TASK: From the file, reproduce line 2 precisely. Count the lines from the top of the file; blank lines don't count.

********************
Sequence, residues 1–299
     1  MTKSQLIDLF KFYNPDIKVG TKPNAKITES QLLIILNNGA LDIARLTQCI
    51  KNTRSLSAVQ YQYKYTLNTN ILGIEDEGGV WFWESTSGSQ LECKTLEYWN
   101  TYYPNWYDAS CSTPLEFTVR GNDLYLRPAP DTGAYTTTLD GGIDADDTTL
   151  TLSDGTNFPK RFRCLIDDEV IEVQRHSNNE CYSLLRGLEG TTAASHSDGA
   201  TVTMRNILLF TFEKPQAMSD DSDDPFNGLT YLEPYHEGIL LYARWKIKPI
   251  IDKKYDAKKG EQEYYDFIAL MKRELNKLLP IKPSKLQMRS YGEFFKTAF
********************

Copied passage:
     1  MTKSQLIDLF KFYNPDIKVG TKPNAKITES QLLIILNNGA LDIARLTQCI